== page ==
2
The Town of the Consuls

I BEGAN this Arabian interlude in my career hoping to gain from it a deeper understanding of Indonesian spiritual life and so return to the Colonial Service better prepared for the nationalist movement that was then dawning in the Dutch East Indies. But I was also attracted to the spiritual and geographical centre of Islam as a proud rival of Christianity in its claim to provide the remedy for the ailments of this world. To be in Jedda meant to me not only meeting the real Arab, but it also meant contact with Muslims from all over the Muslim world. It meant especially contact with Indonesians and peoples I had never seen before and would never see again as a Colonial Civil Servant. Last, but not least, it meant contact with colleagues representing nations quite unfamiliar to me. The Western colonial powers had attached to their staffs Vice-Consuls and Pilgrim Officers from the important Muslim countries of their dominions. I think that my European colleagues -- with whom my wife and I had such happy relations -- will forgive me if I say that it was in their Pilgrim Officers, rather than in themselves, and in the colleagues of non-European powers that I was particularly interested.

European colleagues, if I may say so without offence, tend to run to a type and I had met the type many times before in the deadly monotony of hotel life, in the boring confinement of passenger liners and in those places where Westerners out in the East inevitably meet. Jedda gave me the opportunity of meeting the others, the men who had a humbler, a secondary sphere of action in a world still ruled by the white men from Europe. In Jedda I met men who resented the nations to which they belonged being rated as second class. They were proud of their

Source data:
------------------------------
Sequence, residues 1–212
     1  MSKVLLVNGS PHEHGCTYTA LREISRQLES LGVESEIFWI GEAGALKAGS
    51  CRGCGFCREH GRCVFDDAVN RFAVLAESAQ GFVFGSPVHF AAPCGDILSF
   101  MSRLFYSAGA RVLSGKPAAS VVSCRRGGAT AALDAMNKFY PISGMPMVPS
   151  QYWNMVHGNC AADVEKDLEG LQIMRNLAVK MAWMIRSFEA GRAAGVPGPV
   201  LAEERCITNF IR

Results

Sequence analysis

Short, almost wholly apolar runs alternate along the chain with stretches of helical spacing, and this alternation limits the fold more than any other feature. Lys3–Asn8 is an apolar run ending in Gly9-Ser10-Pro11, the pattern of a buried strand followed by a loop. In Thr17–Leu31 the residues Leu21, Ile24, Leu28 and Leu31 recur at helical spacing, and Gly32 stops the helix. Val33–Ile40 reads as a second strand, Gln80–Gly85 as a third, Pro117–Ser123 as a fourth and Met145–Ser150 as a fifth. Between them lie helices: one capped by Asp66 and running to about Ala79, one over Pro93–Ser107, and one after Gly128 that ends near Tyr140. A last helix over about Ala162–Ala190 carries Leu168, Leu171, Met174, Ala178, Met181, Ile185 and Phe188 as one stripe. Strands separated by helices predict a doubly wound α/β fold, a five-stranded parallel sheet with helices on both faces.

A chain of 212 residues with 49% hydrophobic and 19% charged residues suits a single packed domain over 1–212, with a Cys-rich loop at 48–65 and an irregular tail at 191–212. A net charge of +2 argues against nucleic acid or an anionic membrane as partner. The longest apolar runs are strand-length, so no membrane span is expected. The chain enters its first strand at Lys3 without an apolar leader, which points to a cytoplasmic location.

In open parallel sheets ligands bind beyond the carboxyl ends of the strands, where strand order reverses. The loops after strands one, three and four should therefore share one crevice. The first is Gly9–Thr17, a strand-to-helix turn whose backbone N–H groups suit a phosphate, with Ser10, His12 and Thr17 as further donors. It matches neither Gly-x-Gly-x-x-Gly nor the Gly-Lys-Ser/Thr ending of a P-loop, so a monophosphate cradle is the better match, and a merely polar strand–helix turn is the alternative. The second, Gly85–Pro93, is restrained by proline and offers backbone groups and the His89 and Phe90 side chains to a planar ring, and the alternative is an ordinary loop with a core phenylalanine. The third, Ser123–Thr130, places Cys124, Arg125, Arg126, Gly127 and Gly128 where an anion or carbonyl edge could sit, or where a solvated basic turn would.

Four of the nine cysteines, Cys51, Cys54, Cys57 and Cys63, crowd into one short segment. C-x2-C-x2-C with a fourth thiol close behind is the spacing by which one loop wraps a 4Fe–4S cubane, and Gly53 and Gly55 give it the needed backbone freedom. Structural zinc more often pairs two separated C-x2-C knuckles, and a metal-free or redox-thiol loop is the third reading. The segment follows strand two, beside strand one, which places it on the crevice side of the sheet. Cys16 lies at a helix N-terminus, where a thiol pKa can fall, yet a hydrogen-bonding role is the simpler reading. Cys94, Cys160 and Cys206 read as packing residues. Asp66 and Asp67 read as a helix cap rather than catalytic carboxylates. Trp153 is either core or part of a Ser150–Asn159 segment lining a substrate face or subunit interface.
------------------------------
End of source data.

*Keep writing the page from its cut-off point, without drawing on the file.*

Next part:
-13-

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The Wells of Ibn Sa'ud
Table of contents

Table of contents

  • Title Page iii
  • Contents vii
  • Author's Acknowledgements viii
  • Illustrations ix
  • Introduction 1
  • 1 - I Meet Wahhabi Arabia 7
  • 2 - The Town of the Consuls 13
  • 3 - The Desert Plant of Wahhabism 29
  • 4 - The Emergence of Ibn Sa'Ud 37
  • 5 - Consolidation 54
  • 6 - First Contacts with Great Britain 69
  • 7 - The Dual Monarchy 86
  • 8 - First Wahhabi Impacts 102
  • 9 - The Pilgrimage 114
  • 10 - The Arrival of the Americans 127
  • 11 - The Palestine Problem 149
  • 12 - The Arab League 167
  • 13 - Interlude and Return to Arabia 174
  • 14 - The Americans in Arabia 185
  • 15 - Agriculture and Water 203
  • 16 - The Last Audience 220
  • 17 - A Visit to Amir Sa'Ud 231
  • 18 - The Last Visit 240
  • 19 - Ibn Sa'Ud's Inheritance 247
  • Glossary 259
  • Index 265
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